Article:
One article on Lincoln described three stages which he went through — fear, engagement, and transcendence — and argued that “Whatever greatness Lincoln achieved cannot be explained as a triumph over personal suffering. Rather, it must be accounted an outgrowth of the same system that produced that suffering … Lincoln didn’t do great work because he solved the problem of his melancholy; the problem of his melancholy was all the more fuel for the fire of his great work” (1).
Is there something amidst the suffering of depression that might be of positive value and lead to achievement. Let’s look at the evidence associating depression with creativity and attainment, and the argument that the ubiquity and evolutionary persistence of depression suggest that it might be useful.
Depression and creativity
The seductive notion that a depressed mood is associated with greatness goes back at least as far as Aristotle, who believed that “Great men are always of a nature originally melancholy” (2). The notion of the “neuroticgenius” plagued by anxiety and depression continues to this day. Not surprisingly, it has generated more modern studies of a possible relationship, which interestingly, when excluding bipolar disorder, have sometimes been negative.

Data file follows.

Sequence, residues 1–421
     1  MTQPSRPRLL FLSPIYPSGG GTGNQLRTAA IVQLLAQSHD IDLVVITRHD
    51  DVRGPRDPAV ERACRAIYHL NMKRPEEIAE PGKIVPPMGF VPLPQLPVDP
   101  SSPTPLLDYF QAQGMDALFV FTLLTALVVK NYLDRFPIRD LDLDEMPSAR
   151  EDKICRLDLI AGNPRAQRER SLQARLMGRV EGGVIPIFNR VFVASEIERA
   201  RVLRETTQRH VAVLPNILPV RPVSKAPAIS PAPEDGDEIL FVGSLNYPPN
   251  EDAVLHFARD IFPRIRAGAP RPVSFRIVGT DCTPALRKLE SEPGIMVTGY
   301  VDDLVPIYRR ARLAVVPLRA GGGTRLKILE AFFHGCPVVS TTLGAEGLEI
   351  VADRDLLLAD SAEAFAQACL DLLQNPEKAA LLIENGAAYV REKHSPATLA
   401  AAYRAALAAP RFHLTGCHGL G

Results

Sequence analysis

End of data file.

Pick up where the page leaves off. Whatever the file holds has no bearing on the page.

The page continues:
Psychiatrist Nancy Andreasen found “a higher rate of mental illness, predominantly affective disorder, with a tendency toward the bipolar subtype” in a group of 30 writers compared to controls (3). Alternatively, a study of 40 writers, 40 musicians, and a similar number of controls found no differences in measures of mental illness and stress (4).
A 2020 study found that artists were more likely to have vulnerabilities such as tendencies toward anxiety and depressive symptoms, as well as resources such as ego-resilience and hope, compared to non-artists (5). Modern studies, then, have shown mixed results about the possible relationship of depression and creativity.
The evolutionary argument for depression
Even though many of the features of depression such as fatigue, decreased appetite, and libido would seem to have negative evolutionary value, some have argued that its ubiquity—major depression has a past-year prevalence of about seven percent of American adults—suggests some evolutionary benefits.